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by STEPHANIE TAYLOR-CARRILLO - Sep 05, 2017
Oktoberfest For First-Timers: 10 Things You'll Wish Someone Had Told You

Oktoberfest For First-Timers: 10 Things You'll Wish Someone Had Told You

Oktoberfest is almost upon us again! While some travel blogs might share images of drunken, leery men and overly busty women, we have put together a list of things first-timers might wish they'd known before purchasing those scandalously short lederhosen and dirndls off eBay…
 

1. Family-friendly environment and fairground rides

If you're showing up with a group of pals and expecting a bar-like atmosphere, you might be a bit taken aback to see so many children underfoot. In fact, Oktoberfest is a very family-friendly event, and you may even see some school trips there. Sure, you're unlikely to see a seven-year-old chugging a one-liter Stein (unless they have VERY irresponsible parents), but the kids will definitely enjoy the abundance of food and the Ferris wheel, roller coaster, carousel and giant slide.


 

2. Appropriate length of dirndls

Some commercial images of beer maids have oversold the sultry dirndl, however, traditionally the dress falls below the knee. We're not in the business of clothing-shaming, so if you want to wear a shorter one we won't judge you! However, we can't promise that everyone else at Oktoberfest will be so accepting. There are some uncharitable names for dirndls that don't reach past the knee, which it wouldn't be polite to repeat here…
 

3. How the beer-maids get paid (and how much to tip them!)

The beer-maids make on average 10% of the sales, which might explain why you see them going out of their way to carry so many beers at once. While some of the beer-maids will work 80 hour weeks over the festival, and will aim to earn between €5,000 - €10,000 in this time, you should definitely tip them. Not only because it's grueling work, but also because they will remember when it comes time to order the next round.


 

4. The closing ceremony

The Oktoberfest closing ceremony is truly something to behold. Traditional gun salutes and tents filled with sparklers might not sound like a particularly safe combination with people who've been drinking all day, but it's actually a pretty spectacular, and for some, emotional moment.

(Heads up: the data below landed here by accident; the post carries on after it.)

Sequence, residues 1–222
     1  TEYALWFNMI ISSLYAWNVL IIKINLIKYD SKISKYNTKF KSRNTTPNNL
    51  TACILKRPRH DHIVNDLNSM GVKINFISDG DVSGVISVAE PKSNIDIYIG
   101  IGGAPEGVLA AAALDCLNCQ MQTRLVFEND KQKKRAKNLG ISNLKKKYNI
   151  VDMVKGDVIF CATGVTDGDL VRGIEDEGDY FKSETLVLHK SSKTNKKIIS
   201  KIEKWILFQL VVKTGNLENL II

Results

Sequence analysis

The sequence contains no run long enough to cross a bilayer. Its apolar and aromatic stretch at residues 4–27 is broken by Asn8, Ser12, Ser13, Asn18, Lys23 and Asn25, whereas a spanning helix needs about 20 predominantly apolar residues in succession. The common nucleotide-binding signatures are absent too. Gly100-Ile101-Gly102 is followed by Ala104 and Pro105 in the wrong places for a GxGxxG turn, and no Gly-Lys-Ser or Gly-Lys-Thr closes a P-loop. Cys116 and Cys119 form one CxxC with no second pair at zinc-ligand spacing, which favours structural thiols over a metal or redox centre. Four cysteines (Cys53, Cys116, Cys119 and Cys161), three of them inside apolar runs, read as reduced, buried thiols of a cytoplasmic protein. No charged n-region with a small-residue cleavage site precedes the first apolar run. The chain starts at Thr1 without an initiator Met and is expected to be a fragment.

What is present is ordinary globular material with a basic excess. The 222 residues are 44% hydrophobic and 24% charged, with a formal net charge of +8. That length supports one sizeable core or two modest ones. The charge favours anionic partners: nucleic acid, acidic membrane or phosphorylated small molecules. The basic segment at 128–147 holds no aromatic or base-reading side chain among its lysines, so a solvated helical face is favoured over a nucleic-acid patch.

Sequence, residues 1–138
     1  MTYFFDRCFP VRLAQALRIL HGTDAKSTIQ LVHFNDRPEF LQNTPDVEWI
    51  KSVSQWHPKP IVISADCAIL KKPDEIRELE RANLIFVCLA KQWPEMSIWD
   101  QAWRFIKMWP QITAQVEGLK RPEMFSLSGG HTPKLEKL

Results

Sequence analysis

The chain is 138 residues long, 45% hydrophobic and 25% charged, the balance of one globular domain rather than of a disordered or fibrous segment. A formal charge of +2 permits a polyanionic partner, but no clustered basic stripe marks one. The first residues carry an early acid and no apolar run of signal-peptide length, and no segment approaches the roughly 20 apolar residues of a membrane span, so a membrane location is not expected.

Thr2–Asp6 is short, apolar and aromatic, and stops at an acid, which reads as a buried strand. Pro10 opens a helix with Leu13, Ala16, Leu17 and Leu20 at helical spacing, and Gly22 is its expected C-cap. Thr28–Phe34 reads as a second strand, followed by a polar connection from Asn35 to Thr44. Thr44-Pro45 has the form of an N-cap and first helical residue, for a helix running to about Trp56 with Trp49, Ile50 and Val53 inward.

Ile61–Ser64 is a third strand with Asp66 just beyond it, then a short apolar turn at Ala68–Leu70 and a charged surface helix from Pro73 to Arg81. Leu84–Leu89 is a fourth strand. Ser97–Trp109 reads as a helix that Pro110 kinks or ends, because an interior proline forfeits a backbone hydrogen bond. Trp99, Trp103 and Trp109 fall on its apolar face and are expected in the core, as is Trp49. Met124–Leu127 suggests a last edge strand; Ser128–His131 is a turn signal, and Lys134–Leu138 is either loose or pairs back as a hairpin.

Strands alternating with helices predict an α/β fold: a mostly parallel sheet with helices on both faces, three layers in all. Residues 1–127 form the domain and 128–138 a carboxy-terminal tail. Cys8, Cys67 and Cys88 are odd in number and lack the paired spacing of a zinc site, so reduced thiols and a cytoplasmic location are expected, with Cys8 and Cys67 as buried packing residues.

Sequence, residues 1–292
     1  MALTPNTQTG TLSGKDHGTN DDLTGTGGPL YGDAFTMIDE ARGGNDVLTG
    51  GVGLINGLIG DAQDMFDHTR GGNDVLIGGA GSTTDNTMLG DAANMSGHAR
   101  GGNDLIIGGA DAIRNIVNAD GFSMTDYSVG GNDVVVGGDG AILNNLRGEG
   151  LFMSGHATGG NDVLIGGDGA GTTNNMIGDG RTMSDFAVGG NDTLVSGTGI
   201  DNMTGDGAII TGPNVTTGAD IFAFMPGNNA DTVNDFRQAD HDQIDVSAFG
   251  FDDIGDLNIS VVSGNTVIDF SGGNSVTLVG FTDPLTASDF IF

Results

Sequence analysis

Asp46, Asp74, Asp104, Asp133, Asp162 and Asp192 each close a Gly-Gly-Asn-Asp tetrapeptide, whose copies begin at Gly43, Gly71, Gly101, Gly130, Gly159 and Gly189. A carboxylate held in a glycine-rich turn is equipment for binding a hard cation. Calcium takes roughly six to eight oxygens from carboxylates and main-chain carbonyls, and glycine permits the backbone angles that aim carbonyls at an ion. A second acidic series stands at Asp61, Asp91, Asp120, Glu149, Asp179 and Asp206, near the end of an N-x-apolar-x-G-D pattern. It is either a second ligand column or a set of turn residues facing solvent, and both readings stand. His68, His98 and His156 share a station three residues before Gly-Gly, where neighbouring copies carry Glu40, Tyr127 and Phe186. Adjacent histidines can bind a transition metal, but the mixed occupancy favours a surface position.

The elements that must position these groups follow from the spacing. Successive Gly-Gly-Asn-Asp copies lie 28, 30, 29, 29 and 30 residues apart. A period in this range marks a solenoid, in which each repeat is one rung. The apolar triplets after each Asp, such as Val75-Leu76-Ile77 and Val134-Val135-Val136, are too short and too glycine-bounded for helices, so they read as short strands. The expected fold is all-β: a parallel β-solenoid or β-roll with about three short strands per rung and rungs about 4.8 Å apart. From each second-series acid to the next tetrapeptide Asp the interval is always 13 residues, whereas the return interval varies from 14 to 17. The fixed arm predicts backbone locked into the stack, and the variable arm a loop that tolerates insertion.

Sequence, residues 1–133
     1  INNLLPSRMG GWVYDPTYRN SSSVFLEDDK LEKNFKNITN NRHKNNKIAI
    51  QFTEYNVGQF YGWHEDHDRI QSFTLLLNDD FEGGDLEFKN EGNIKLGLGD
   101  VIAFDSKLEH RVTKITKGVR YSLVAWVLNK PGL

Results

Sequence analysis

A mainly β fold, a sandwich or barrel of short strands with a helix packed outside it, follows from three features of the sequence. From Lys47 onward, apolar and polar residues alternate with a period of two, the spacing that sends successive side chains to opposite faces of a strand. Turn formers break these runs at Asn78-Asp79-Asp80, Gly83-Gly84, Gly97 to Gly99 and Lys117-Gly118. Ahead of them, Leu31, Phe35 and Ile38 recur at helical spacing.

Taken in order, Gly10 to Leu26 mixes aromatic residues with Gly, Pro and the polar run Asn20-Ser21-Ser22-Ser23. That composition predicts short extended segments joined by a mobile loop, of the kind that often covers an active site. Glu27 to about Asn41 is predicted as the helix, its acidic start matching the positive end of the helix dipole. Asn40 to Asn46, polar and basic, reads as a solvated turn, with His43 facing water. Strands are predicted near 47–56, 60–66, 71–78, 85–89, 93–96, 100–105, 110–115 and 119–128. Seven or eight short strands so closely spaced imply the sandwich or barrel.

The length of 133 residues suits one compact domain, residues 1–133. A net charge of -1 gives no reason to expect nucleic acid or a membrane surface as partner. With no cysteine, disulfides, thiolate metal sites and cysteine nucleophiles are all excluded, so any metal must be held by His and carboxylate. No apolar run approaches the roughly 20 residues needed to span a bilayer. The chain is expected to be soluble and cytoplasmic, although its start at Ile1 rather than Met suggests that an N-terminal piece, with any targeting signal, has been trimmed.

5. Tying your apron to convey your relationship status

If you've ever been to a traffic light party, this is kind of like a subtler version of that. Ladies, tying your bow on the left side suggests you are single and ready to mingle. Tying on the right side sends a clear message that you’re off the market. Tying the bow in the back can mean the wearer is a waitress, or a widow (so try to assess that correctly before asking sad-looking women to get you a beer). And tying in the front? While the obvious assumption here might be "have a boyfriend but looking to upgrade", in fact, it is actually a sign that, ahhh, your keg has not yet been tapped, if you catch our drift.


 

6. Engraved pegs, or Wiesn Glupperl:

Although trying to say Wiesn Glupperl sounds a little like you sneezed and then immediately started choking, they are in fact little wooden clothes pegs that you get your name etched on, and then wear. Slightly cooler than the "Hello, my name is..." sticker, although many people will get fake names or dirty words etched on instead.
 

7. Pork knuckle – the best pork you'll ever eat, including bacon

This one is not designed for the vegetarians. Pork knuckle, or Schweinshaxn, is often served with fried potatoes and Sauerkraut, and although originated as a poor man's meat, has been perfected over time to become a Bavarian favorite. Some people can be put off by this enormous slab of pig's leg, but your taste buds will definitely overrule any presentation hesitation. Just think of it as a cultural experience.
 

8. Dancing on the tables, and downing your Stein

Dancing on your bench is not only permitted – it's encouraged. However, dancing on the table will get you thrown out faster than you can say "but I only just bought this €10 beer". Similarly, you might find people getting up on the bench to down their Stein. While the alluring draw of a tent full of people cheering you on sounds like something Snapchat video dreams are made of, beware that if you don't down it in one go, or you take too long, those appreciative cheers will quickly turn into people throwing their food at you.


 

9. What your accommodation will smell like by the end

Your room will smell like yeast. There is no way around it. The faster you accept this and move on, the better it will be for you and any roommates you might have.


 

10. Your likelihood of getting in a tent

And therein lies the million Euro question. How to get into a tent. The tents fill up quickly, and any that accept formal reservations often start taking them in May. While you can stand and wait for someone to get up and leave (and then have your elbows at the ready to fight off the other people wanting to take their place), if you already know which tent you want to end the day in, you'll want to get jostling for a position in it pretty early on. Luckily though, we made those phone calls in May, and have a table inside the Löwenbräu tent, so if you want a guaranteed Oktoberfest experience (complete with 2.5L of beer and half a chicken), make a reservation for our Oktoberfest Experience. Like the tents though, it will fill up fast, so don’t wait too long.

Prost!